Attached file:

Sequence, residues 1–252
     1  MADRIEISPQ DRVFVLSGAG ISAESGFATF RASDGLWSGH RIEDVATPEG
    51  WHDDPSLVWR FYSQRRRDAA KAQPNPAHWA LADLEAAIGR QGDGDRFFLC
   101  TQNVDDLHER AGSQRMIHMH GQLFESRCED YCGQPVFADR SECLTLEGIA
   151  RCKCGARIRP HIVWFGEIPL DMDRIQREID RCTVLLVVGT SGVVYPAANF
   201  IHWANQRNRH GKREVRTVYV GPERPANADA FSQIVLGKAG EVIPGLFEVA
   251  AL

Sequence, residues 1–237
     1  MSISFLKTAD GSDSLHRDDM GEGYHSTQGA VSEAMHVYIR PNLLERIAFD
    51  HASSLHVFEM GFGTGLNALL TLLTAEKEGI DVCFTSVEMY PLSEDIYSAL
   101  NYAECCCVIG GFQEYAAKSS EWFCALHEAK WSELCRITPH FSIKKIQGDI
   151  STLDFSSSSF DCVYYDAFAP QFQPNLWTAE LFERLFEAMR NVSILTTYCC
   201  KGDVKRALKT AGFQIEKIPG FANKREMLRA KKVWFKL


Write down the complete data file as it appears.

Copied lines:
Sequence, residues 1–252
     1  MADRIEISPQ DRVFVLSGAG ISAESGFATF RASDGLWSGH RIEDVATPEG
    51  WHDDPSLVWR FYSQRRRDAA KAQPNPAHWA LADLEAAIGR QGDGDRFFLC
   101  TQNVDDLHER AGSQRMIHMH GQLFESRCED YCGQPVFADR SECLTLEGIA
   151  RCKCGARIRP HIVWFGEIPL DMDRIQREID RCTVLLVVGT SGVVYPAANF
   201  IHWANQRNRH GKREVRTVYV GPERPANADA FSQIVLGKAG EVIPGLFEVA
   251  AL

Sequence, residues 1–237
     1  MSISFLKTAD GSDSLHRDDM GEGYHSTQGA VSEAMHVYIR PNLLERIAFD
    51  HASSLHVFEM GFGTGLNALL TLLTAEKEGI DVCFTSVEMY PLSEDIYSAL
   101  NYAECCCVIG GFQEYAAKSS EWFCALHEAK WSELCRITPH FSIKKIQGDI
   151  STLDFSSSSF DCVYYDAFAP QFQPNLWTAE LFERLFEAMR NVSILTTYCC
   201  KGDVKRALKT AGFQIEKIPG FANKREMLRA KKVWFKL